In India, cheap labour is readily available for most jobs, which leaves no motivation for people to think beyond and create such products, which is why, not many great products come out of India.
To add to this, even the perceived aspirations of talent in India are a roadblock in their own creativity. As Jha shares, “Ask any beginner at the IT service industry about their aspirations and they would want to be a project manager and then lead teams.” “The core of our existence and aspirations is to lead people. We want to be at the helm of affairs, which for us means we don’t want to do things but prefer to delegate,” he says.
On the contrary, most creative heads, designers and successful product managers work in isolation. In fact, a creative idea is not something that can be fully delegated. Product managers in the IT product industry can oversee small teams for building an innovative product but cannot disseminate or delegate work as can be done in the IT service industry. This is something that directly defies people’s perceived measure of success — that lies in the number of people they command.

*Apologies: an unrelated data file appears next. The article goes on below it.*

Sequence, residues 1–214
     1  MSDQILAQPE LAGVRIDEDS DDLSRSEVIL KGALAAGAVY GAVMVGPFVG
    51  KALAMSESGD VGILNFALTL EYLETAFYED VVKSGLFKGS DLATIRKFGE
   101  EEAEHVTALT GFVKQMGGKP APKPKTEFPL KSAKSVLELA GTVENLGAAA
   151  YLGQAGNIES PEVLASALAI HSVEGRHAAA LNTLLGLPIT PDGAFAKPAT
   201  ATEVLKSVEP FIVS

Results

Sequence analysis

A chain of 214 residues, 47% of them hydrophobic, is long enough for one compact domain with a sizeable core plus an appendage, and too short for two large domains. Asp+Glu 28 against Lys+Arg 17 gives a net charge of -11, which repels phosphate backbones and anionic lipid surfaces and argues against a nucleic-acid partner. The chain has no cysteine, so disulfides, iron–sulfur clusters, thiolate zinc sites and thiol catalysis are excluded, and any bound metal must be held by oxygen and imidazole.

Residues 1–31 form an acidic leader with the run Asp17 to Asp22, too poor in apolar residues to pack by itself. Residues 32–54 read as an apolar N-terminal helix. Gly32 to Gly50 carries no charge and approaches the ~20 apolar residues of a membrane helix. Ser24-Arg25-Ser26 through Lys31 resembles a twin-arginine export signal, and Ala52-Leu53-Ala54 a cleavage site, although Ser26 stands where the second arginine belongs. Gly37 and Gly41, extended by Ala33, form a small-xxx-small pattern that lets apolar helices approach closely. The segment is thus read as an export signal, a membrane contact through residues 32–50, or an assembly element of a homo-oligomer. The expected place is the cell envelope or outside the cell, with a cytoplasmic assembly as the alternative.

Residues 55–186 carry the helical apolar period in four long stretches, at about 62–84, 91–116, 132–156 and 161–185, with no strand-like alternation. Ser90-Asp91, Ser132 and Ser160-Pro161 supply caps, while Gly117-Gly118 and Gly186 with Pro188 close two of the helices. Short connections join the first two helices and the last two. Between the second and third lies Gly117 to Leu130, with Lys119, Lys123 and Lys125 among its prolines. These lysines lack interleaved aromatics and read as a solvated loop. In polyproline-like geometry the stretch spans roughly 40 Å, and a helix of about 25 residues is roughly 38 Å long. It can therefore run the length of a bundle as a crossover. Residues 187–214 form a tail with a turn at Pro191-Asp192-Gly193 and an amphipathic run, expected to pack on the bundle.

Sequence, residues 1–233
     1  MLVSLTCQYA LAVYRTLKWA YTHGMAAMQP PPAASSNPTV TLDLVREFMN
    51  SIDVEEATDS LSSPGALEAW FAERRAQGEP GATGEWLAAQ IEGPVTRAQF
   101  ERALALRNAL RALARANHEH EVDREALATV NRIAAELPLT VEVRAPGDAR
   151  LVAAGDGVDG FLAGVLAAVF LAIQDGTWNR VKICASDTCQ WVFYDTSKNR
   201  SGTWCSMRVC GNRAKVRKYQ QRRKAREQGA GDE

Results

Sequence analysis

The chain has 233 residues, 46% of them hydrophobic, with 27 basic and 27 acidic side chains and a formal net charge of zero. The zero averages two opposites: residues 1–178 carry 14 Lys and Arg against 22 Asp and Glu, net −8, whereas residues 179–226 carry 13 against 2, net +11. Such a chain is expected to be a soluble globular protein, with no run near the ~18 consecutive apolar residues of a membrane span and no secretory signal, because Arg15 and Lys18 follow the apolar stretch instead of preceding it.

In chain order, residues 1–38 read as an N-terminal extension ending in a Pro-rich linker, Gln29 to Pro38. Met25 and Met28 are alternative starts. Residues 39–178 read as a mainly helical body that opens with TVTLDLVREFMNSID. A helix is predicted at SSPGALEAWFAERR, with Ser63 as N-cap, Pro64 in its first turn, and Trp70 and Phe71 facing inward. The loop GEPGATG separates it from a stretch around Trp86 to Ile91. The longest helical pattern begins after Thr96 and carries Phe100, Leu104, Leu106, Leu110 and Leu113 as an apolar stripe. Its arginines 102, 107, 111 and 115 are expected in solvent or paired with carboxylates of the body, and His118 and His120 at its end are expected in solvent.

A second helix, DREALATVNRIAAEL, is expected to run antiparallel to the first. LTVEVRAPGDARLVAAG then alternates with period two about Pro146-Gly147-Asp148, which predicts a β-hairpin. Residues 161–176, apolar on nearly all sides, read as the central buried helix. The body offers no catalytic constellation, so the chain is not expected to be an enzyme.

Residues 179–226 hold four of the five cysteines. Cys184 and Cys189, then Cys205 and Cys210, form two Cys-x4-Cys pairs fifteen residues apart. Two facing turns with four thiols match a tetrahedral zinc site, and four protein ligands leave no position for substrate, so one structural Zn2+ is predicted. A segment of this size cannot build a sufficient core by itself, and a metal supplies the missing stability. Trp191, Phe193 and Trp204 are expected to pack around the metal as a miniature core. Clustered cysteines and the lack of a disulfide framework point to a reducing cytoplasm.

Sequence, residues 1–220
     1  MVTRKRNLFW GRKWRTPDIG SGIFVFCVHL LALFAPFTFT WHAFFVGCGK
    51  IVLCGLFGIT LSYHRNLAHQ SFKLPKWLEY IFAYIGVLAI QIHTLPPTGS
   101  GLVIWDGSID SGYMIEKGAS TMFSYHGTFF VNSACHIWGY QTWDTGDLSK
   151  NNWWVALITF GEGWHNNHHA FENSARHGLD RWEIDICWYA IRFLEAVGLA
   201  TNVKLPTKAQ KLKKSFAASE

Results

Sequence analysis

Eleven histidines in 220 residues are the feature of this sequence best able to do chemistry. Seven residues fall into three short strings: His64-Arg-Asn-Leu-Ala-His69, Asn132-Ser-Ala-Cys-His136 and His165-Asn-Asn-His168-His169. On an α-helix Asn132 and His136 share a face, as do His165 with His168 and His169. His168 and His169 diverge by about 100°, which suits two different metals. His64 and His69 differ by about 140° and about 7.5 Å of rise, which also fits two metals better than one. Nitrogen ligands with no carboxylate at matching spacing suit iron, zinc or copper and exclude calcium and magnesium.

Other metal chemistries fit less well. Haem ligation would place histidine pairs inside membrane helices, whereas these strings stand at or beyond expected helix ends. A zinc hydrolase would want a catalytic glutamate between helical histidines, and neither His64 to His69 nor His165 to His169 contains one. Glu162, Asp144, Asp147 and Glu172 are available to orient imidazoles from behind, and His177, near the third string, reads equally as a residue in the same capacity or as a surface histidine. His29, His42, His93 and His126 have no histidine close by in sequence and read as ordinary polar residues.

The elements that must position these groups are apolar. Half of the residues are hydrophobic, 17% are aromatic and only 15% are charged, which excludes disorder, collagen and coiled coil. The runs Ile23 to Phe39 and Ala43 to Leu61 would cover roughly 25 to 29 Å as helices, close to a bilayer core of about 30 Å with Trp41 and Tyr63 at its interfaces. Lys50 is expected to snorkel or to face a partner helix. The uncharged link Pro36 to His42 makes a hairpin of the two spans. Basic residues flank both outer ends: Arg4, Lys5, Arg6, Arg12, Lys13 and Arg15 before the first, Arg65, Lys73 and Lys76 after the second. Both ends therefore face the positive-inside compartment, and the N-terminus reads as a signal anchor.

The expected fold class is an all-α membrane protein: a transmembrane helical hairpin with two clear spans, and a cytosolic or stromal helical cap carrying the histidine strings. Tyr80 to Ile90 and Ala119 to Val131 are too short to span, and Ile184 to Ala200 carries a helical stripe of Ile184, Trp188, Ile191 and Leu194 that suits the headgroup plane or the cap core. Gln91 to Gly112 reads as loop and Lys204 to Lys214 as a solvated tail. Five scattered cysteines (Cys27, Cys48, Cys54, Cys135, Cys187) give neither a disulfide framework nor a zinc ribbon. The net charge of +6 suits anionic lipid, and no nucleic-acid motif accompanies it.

Now, there is definitely a need to change this mindset. This can be done by targetting the roots of the issue. It needs more industry partnership and collaboration with schools, tie-ups with colleges and more chairs in institutes that fund and encourage creativity. In addition, Jha says, “The IT service industry must constantly engage with talent to ensure that they are on the higher side of the value chain, creating opportunities for them to think beyond their usual work regimes.”
Even if that is not a business mandate for the IT service industry, given a chance to innovate, people in the services can also be creative and make a difference to their usual day-jobs. To conclude, as Jha puts it, “It’s not just about creating an innovative product but organisations must set people up for success in its true sense.”